When we finally reached our hotel in Kathmandu, the clock showed 11 pm and we collapsed on the soft beds, after a hot shower and a hearty dinner.

Days 4, 5: Our two-day jaunt at Kathmandu flowed seamlessly as we enjoyed the local cuisine, bought gifts for our families and even tasted a slice of nightlife at Thamel Chowk. The beautiful, bustling city made it very hard for us to bid adieu, but the second leg of our journey awaited us.

Day 6: We started from Kathmandu towards Dhulikhel at the crack of dawn and reached by 9 am. The view that welcomed us as we climbed the hill was breathtaking. And, as we reached the top, we were mesmerised by the majestic landscape surrounding us. We had our lunch and set out towards Nagarkot. The road to Nagarkot was less than 60 km, but the steep inclines, once again, slowed us down and we reached our hotel there at 9 pm. It was the coldest area we experienced in Nepal as the temperature hovered around 2-3 degrees.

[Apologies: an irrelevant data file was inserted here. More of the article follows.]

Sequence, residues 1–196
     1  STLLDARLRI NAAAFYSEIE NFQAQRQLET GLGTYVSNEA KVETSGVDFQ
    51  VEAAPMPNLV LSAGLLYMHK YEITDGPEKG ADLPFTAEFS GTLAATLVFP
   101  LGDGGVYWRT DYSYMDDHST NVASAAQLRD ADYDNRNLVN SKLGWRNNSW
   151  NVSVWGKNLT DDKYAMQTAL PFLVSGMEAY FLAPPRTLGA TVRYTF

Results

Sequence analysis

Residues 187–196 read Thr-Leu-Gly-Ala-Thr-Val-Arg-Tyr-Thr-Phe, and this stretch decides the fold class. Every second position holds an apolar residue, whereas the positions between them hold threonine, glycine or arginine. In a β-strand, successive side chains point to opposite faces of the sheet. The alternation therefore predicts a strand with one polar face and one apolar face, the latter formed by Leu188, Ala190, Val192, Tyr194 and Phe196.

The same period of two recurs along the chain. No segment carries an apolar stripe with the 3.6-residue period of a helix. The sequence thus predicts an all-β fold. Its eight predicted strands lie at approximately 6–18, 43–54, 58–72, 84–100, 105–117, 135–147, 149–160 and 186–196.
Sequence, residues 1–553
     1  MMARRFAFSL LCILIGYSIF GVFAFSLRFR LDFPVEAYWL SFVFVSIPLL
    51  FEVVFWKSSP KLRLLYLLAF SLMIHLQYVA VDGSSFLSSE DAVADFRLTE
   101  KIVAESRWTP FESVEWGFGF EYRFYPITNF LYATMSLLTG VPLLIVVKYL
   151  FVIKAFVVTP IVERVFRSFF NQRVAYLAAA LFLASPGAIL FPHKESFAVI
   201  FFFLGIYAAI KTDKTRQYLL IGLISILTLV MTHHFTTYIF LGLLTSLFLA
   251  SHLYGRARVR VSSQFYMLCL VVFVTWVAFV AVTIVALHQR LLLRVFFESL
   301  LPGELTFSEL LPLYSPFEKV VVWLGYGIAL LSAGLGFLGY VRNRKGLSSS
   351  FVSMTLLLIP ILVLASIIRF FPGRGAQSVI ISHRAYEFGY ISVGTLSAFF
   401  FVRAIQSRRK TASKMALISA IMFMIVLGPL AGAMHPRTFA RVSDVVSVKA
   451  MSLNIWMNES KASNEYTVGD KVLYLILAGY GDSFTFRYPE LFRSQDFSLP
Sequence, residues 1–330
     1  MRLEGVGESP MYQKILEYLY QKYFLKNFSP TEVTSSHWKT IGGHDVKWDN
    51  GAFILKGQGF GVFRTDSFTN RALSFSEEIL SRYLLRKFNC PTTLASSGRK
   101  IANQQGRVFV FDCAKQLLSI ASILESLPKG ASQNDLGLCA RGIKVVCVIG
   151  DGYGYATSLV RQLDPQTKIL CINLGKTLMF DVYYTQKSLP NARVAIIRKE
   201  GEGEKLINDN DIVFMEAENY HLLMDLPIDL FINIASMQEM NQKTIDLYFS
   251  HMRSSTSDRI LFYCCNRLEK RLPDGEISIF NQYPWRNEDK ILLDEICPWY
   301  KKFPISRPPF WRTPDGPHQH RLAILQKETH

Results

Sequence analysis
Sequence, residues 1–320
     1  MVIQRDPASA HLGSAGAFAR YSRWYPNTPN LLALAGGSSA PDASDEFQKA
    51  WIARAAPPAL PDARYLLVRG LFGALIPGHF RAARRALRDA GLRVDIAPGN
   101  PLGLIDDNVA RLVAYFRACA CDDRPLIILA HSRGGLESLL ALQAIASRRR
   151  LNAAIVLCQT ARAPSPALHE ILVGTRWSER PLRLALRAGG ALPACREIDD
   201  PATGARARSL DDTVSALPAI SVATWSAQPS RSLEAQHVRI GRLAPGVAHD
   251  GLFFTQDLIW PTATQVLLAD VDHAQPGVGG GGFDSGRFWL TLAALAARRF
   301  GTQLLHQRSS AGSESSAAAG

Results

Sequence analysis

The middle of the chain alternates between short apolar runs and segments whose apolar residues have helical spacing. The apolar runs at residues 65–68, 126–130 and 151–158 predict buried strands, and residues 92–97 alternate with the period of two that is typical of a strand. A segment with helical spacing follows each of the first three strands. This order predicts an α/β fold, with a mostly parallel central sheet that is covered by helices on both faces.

Day 7: We had planned to see the sunrise before setting off for Pokhara, but the dense fog played spoilsport. Although we were disheartened, the view of the mountains kept us in high spirits. Pokhara was still 300 km away and we had a whole day of riding ahead.

However, apart from an hour-long traffic bottleneck near Thankot, the journey was mostly uneventful and we reached our destination by 9 pm. We checked into our hotel located near the beautiful Phewa Lake, had dinner and called it a night.

Day 8: We just had one day to explore Pokhara and intended to make the most of it. We hired a local guide and went on to visit Devi's Fall and Gupteshwar Cave, before heading towards Peace Pagoda, a shrine located on top of a picturesque hill. The entire skyline of Pokhara could be seen from the top, with the majestic outlines of Annapurna and Machapuchare adorning the horizon.

We then went to Bagnas Lake, which we explored on a boat. The ubiquitous peace and tranquillity was complemented by stunning views of the setting sun, making us almost nostalgic as we neared the last leg of our journey.